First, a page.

Govt Concerned by New ‘Hardline’ Ceasefire Negotiating Bloc

By Lawi Weng 15 June 2015

RANGOON — The Burmese government’s hopes of finalizing a nationwide ceasefire agreement before this year’s election appear to have shrunk considerably, after this month’s ethnic summit in Law Khee Lar voted to cede negotiating power to a new “hardline” committee.

From the perspective of government peace negotiators, two problems have arisen from the Law Khee Lar summit, which concluded at the beginning of last week. First, ethnic leaders have refused to endorse the draft ceasefire text, demanding fresh negotiations over 15 amendments. Second, the new negotiating committee, which will assume the responsibilities of the Nationwide Ceasefire Coordination Team (NCCT), is comprised of people likely to be much less receptive to government overtures.

“We prefer to deal with the NCCT instead of a new committee,” said Hla Maung Shwe, a director of the Myanmar Peace Center. “The NCCT members have become friendly with us already. But now they have formed a new committee and replaced the leaders. This could be a problem with our government as it will take time to build rapport, and the people leading the new committee are hardliners.”

The government has positioned the successful conclusion of a nationwide ceasefire agreement one of the most important ambitions of President Thein Sein’s tenure, but ethnic armed groups remain aloof, cautious of committing themselves to an accord that would impede their push for a federal reform of the Constitution.

“Of course, the president wants to pass his exam,” said NCCT chief Nai Hong Sar. “He would be credited for being able to bring a ceasefire agreement during his term. But for us, we are worried that we will be trapped by the government after the agreement is signed.”

The formation of a new negotiating coalition is indicative of majority opinion at the Law Khee Lar summit: ethnic leaders believe that the government has not made enough concessions to warrant signing the ceasefire accord as it stands. For that reason, the new committee will be headed by Naw Zipporah Sein, the vice-chair of the Karen National Union (KNU), with Dr. Laja of the Kachin Independence Organization (KIO) as her deputy. Both spent time on the central executive committee of the United Nationalities Federal Council ethnic coalition, and both are representatives of factions less amenable to compromises with the government within their respective organizations.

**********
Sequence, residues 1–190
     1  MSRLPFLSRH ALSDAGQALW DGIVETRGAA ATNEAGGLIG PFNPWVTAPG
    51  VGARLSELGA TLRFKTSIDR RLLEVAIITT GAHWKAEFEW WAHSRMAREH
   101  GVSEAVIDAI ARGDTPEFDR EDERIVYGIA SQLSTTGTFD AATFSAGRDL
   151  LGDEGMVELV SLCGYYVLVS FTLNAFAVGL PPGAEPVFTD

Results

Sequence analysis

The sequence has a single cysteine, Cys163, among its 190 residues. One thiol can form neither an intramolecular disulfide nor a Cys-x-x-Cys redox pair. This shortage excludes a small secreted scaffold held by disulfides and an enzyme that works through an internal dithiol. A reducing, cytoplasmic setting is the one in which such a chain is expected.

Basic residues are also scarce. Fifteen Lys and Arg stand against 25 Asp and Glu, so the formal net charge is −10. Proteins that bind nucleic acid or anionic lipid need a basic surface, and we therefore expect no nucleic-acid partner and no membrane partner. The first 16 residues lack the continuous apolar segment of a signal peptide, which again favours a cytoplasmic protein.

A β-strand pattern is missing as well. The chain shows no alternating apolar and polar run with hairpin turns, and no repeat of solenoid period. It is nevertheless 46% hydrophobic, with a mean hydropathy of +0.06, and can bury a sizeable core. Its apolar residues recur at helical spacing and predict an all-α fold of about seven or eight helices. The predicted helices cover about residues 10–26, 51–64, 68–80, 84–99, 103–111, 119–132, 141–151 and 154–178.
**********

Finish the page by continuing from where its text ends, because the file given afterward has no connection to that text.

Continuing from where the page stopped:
Ballots Before Pens, Rights Before Ballots

On the sidelines of the Law Khee Lar summit, ethnic leaders appeared to be rankled by what they saw as pressure from the international community to sign an accord sooner. KNU member Naw May Oo Mutraw reportedly lashed out at UN envoy Vijay Nambiar, claiming that the international community did not understand the reality of the situation faced by ethnic armed groups in Burma.

Sources close to the organizations said that both the KIO and KNU, the political wings of the two most powerful ethnic armed groups, had decided withhold any agreement to sign the nationwide ceasefire agreement until the general election expected later this year is demonstrated to be free and fair, and would not yield to any international pressure to expedite the process.

At the same time, the international community may prove to be a sticking point in future negotiations for very different reasons. Ethnic leaders want international observers present to witness the signing of the nationwide ceasefire agreement, while the government has rejected calls for their oversight, saying that a ceasefire accord is a purely domestic affair. The issue came up during previous negotiations between the government and the NCCT, before it was struck from the draft text of the ceasefire agreement unveiled on March 31.

Other exceptions to the draft text also emerged at the summit. Ethnic leaders resolved to have provisions relating to a federal army included in any ceasefire agreement. As with other issues, this was excluded from the draft text after negotiations in the expectation that a settlement would be reached after the accord was signed. Some leaders at Law Khee Lar criticized the draft text for lacking strong guarantees of political rights for ethnic groups, and said an agreement could not be signed without more explicit commitments on this front from the government’s Union Peacemaking Working Committee (UPWC).

Khun Okkar, a member of the NCCT, said he was skeptical of the new committee’s ability to secure more concessions from the government, but said the previous negotiators would abide by the summit’s decision.

“Some leaders thought that they could push for more rights, and this is why they told us to step down and let others talk to the UPWC,” he said. “We worked the best we could and it took a year and a half. Let them try, they may understand afterwards that it is not easy to talk with the military.”

He noted, however, that some of the ethnic leaders at the summit wanted to sign the nationwide ceasefire agreement as it stood, without waiting for three armed groups that had been excluded from negotiations by the government.

Hla Maung Shwe warned that the government might not be willing to accept either a new negotiating bloc or a new discussion on amending the ceasefire text, noting that a date and time for further negotiations had not yet been set.

“They should have proposed [the amendments] before, why are they just proposing them now?” he asked. “This could be a problem. I feel the government might not accept this.”

Though his own position will eventually become redundant if the new committee proceeds, Nai Hong Sar said that the decision was in the hands of ethnic leaders and not negotiators.

“[The NCCT] cannot do anything,” he said. “Even if the government cannot accept the new committee or sign our draft text, this was the majority decision made by ethnic leaders.”